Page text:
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American Writers: a journey through history is a permanent archive for educators, researchers and every one interested in the writers featured in the  C‑SPAN series.


V






F. Scott Fitzgerald
Born: September 24, 1896 - St. Paul, Minnesota
Died: Dec. 21, 1940 - Hollywood, California

Fitzgerald attended Princeton University but was forced to withdraw in 1917 because of poor grades, and later that year joined the army. In 1918 he met Zelda Sayre, daughter of an Alabama Supreme Court judge. To prove
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F. Scott Fitzgerald, The Great Gatsby
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himself and win her, he rewrote the novel he had begun at Princeton; in 1920 This Side of Paradise was published and the two were married.

Fitzgerald started writing for periodicals, publishing early stories such as "The Diamond as Big as The Ritz," later collected in Tales of The Jazz Age (1922). Fame and prosperity were both welcome and frightening; in The Beautiful and Damned (1922), he describes the life he and Zelda feared, a descent into ennui and dissipation.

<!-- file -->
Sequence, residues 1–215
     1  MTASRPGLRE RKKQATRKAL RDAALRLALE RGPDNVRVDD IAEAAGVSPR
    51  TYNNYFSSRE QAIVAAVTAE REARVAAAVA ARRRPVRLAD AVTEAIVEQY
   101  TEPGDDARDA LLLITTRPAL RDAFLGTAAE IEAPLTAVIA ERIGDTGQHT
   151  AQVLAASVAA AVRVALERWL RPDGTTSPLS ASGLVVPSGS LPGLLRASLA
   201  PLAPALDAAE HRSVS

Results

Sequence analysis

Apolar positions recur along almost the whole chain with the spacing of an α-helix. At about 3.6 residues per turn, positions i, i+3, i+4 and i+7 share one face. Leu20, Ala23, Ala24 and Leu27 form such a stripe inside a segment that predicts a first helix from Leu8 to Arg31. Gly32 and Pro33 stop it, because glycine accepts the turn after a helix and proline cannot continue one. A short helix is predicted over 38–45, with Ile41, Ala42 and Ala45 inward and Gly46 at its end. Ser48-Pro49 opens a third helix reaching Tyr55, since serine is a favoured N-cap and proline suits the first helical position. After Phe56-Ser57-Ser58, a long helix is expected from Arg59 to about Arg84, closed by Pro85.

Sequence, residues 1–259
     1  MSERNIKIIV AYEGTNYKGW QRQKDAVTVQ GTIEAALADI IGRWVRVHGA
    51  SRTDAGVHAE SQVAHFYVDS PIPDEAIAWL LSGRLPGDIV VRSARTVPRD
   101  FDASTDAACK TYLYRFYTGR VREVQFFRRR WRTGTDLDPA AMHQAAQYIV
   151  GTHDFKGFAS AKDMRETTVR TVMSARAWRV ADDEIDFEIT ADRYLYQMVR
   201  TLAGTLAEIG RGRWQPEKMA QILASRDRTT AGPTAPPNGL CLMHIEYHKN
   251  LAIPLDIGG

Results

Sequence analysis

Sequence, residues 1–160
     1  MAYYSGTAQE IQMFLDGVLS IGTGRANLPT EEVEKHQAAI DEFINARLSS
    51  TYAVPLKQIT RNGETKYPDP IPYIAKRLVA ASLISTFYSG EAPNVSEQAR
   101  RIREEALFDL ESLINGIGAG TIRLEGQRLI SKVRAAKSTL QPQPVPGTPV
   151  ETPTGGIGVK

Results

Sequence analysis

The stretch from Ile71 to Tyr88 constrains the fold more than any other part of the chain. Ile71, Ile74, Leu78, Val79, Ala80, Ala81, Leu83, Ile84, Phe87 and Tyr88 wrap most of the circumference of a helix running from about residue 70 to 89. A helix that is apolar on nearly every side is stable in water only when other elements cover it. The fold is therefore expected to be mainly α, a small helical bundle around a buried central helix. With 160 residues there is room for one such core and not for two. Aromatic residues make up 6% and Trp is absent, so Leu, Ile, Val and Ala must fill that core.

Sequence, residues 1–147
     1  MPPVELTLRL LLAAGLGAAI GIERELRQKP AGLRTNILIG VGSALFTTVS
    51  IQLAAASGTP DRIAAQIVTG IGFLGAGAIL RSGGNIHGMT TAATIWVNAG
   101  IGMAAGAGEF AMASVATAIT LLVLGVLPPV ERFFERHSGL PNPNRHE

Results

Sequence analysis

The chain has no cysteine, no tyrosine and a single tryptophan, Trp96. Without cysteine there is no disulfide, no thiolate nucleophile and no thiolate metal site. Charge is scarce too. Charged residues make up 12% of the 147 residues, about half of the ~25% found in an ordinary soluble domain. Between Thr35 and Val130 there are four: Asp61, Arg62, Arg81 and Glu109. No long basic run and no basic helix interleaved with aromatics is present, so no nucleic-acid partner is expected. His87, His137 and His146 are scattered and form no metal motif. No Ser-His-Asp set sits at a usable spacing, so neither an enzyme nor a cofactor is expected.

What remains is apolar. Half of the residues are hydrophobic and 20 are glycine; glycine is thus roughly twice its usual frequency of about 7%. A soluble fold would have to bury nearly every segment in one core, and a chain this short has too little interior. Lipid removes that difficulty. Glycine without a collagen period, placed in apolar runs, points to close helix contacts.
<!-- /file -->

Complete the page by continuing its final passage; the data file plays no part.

The Fitzgeralds moved in 1924 to the French Riviera, where they fell in with a group of American expatriates, described in his last completed novel, Tender Is The Night (1934). Shortly after their arrival, he completed his greatest work, The Great Gatsby (1925), which poignantly expresses his ambivalence about American life, at once vulgar and dazzlingly promising. Some of his finest short stories of this period, particularly "The Rich Boy" and "Absolution," appeared in All the Sad Young Men (1926).

Works by F. Scott Fitzgerald
This Side of Paradise (1920)
Tales of The Jazz Age (1922)
The Great Gatsby (1925)
All the Sad Young Men (1926)
Tender Is The Night (1934)
The Last Tycoon (1941)
The Crack-Up (1945)

The stresses of fame and prosperity led Fitzgerald to drink excessively; Zelda suffered mental breakdowns in 1930 and 1932 from which she never fully recovered, and she spent most of her remaining years in a sanitarium. By 1937 Fitzgerald had become a scriptwriter in Hollywood; there he met the gossip columnist Sheilah Graham, with whom he would spend the rest of his life. He told the story of his downward slide in The Crack-Up, published posthumously in 1945. His last work, the Hollywood novel The Last Tycoon (1941), was left unfinished at his death at 44 of alcohol-related causes.

Web sites about F. Scott Fitzgerald
The F. Scott Fitzgerald Society
University of South Carolina, F. Scott Fitzgerald Centenary
Zelda and F. Scott Fitzgerald Chronology on the Zelda web page


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